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Report on Turrialba (Costa Rica) — January 2008

Bulletin of the Global Volcanism Network, vol. 33, no. 1 (January 2008)
Managing Editor: Richard Wunderman.

Turrialba (Costa Rica) Fumarolic increases during August 2007-January 2008

Please cite this report as:

Global Volcanism Program, 2008. Report on Turrialba (Costa Rica). In: Wunderman, R (ed.), Bulletin of the Global Volcanism Network, 33:1. Smithsonian Institution. https://doi.org/10.5479/si.GVP.BGVN200801-345070.

Volcano Profile |  Complete Bulletin


Turrialba

Costa Rica

10.025°N, 83.767°W; summit elev. 3340 m

All times are local (unless otherwise noted)


Enhanced fumarolic activity accompanied by new fractures at the summit was noted during June-September 2007 (BGVN 32:08). The earlier report noted that the fumaroles had spread over a larger area and contained molten sulfur, a condensate previously not seen here in more than 25 years of continuous monitoring by the Observatorio Vulcanológico y Sismológico de Costa Rica-Universidad Nacional (OVSICORI-UNA). By mid-August 2007, acute chemical burning of important patches of natural forest had occurred. This report covers the period from October 2007 through January 2008.

During October, new sites of gas discharge, small landslides, and accelerated vegetation die-off were noted from various locations within and around the crater. Fumaroles were active and widespread across the central crater. Many exhibited sulfur deposits and those in the S, SE, and SW reached a temperature of 91°C.

Areas burned by acute acidification extended during November. Fieldwork conducted by OVSICORI-UNA confirmed an unusual output of gas from several fumaroles along the S outer wall of the volcano. Pastures turned yellowish near the upper areas, and native and exotic tree species were impacted as well as birch tree patches along most drainage basins.

During December, within the W crater, fumarole temperatures reached 280°C and significant sulfur deposits were noted. Local residents confirmed an unusual output of gas from several fumaroles along the S outer wall of the volcano. Areas burned by acute acidification extended during the month. On 5 December, members of the media and local communities observed a gas-and-steam plume from Turrialba that rose to an altitude greater than 5.3 km (figure 12).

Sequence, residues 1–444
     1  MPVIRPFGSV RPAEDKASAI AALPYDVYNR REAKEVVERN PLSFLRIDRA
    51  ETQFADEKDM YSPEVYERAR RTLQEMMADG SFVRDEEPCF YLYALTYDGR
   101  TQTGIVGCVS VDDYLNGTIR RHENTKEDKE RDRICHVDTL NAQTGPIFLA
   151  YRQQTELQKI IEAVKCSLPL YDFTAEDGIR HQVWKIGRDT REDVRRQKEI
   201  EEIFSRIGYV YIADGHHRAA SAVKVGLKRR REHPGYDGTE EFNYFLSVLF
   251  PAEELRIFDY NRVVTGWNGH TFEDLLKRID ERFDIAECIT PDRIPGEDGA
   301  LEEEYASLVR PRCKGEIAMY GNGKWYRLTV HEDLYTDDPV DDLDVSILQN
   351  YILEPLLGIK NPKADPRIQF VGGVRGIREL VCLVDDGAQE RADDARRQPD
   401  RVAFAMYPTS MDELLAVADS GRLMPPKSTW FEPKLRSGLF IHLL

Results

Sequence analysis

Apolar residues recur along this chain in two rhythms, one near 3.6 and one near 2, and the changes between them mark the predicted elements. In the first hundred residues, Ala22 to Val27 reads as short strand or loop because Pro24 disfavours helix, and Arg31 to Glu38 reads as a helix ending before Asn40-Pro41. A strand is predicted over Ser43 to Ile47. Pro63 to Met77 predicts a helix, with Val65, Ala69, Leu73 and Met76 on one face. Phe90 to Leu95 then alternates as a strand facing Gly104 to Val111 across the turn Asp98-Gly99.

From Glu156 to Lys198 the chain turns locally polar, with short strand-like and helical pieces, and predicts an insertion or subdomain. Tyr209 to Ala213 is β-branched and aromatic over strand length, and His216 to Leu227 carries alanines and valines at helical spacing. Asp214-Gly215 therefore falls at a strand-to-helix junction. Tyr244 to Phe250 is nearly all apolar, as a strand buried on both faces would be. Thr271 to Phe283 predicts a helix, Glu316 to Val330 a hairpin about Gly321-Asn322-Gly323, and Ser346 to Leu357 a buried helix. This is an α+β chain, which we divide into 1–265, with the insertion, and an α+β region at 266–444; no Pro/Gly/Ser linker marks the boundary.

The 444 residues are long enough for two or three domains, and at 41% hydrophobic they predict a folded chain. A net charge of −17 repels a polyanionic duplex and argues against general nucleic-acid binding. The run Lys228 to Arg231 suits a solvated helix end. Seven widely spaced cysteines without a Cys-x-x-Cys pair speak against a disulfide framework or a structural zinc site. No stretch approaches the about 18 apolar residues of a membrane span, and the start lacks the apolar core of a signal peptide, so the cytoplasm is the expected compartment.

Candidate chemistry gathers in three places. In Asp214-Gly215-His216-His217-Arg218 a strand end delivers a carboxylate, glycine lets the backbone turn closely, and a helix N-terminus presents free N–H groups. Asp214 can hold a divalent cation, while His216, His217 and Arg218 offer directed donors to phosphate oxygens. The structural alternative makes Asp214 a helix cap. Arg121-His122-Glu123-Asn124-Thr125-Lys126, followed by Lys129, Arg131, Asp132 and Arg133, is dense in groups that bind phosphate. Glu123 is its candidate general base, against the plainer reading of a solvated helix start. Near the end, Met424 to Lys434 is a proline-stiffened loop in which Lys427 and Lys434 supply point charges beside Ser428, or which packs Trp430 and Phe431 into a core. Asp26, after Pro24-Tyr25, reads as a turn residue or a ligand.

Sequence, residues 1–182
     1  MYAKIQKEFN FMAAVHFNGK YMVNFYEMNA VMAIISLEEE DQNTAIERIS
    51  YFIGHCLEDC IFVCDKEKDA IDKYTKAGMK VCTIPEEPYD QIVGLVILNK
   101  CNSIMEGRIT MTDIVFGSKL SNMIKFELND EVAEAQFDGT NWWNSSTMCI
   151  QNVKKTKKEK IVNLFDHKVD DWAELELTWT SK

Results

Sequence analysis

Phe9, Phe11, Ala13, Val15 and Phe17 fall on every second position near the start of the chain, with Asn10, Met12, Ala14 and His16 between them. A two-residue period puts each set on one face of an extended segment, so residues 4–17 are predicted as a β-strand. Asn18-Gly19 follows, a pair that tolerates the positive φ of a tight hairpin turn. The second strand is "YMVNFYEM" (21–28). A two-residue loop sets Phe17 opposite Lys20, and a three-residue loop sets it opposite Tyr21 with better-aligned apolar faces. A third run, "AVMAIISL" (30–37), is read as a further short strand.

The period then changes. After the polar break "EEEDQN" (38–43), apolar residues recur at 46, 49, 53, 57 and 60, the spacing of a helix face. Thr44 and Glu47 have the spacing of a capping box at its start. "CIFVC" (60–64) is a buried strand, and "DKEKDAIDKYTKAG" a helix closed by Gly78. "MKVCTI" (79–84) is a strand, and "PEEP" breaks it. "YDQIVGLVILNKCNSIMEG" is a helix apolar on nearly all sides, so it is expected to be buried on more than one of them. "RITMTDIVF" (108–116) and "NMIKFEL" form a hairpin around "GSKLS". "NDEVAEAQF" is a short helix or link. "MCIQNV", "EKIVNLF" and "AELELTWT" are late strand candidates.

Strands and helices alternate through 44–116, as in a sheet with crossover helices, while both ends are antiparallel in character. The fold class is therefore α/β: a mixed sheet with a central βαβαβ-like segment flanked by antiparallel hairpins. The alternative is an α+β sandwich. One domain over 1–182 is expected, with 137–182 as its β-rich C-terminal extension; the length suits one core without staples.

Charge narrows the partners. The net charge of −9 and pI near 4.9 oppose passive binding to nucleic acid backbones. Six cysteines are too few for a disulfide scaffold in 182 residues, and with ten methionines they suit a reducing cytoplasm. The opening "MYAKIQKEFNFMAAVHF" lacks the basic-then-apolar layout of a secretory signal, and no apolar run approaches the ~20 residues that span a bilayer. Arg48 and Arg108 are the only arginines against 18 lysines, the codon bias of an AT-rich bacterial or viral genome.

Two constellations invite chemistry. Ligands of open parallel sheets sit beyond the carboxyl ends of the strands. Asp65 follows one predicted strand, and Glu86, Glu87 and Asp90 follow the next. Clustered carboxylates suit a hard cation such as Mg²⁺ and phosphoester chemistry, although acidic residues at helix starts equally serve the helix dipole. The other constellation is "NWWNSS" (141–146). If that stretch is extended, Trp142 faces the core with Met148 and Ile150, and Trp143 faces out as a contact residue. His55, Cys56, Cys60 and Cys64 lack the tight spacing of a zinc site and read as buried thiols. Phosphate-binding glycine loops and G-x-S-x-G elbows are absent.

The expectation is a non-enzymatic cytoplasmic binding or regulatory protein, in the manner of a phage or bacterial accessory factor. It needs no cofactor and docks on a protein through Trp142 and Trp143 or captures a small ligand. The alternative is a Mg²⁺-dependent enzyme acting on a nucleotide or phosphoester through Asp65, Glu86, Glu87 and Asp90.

Figure (see Caption) Figure 12. Column from Turrialba observed and photographed from Heredia City, located 40 km W of the volcano taken at 0540 on 5 December 2007. Courtesy OVSICORI-UNA.

On a team visit between 30 and 31 January 2008, OVSICORI staff documented the progression of fumarolic activity in the W crater, the external W crater walls, and distant areas towards the W, NW, and SW. Some of the fumaroles correspond with two fractures. One to the SW of the W crater, trending SW, was 100 m in length and 2 to 3 cm wide, and deposited sulfur. The second crack to the NW of the W crater, also trending SW , had temperatures of 72°C and discharged steam and gas affecting the adjacent vegetation. To the NW of the W crater, the team studied an area of about 20 x 50 m with constant gas emission and a temperature of 88°C.

Geologic Background. Turrialba, the easternmost of Costa Rica's Holocene volcanoes, is a large vegetated basaltic-to-dacitic stratovolcano located across a broad saddle NE of Irazú volcano overlooking the city of Cartago. The massive edifice covers an area of 500 km2. Three well-defined craters occur at the upper SW end of a broad 800 x 2200 m summit depression that is breached to the NE. Most activity originated from the summit vent complex, but two pyroclastic cones are located on the SW flank. Five major explosive eruptions have occurred during the past 3500 years. A series of explosive eruptions during the 19th century were sometimes accompanied by pyroclastic flows. Fumarolic activity continues at the central and SW summit craters.

Information Contacts: Eliécer Duarte, Erick Fernández, and Vilma Barboza, Observatorio Vulcanológico y Sismológico de Costa Rica, Universidad Nacional (OVSICORI-UNA), Apdo. 2346-3000, Heredia, Costa Rica (URL: http://www.ovsicori.una.ac.cr/); Tellez and Francois Robichaud, Université de Sherbrooke, 2500 boul. de l'Université, Sherbrooke, Québec J1K 2R1, Canada.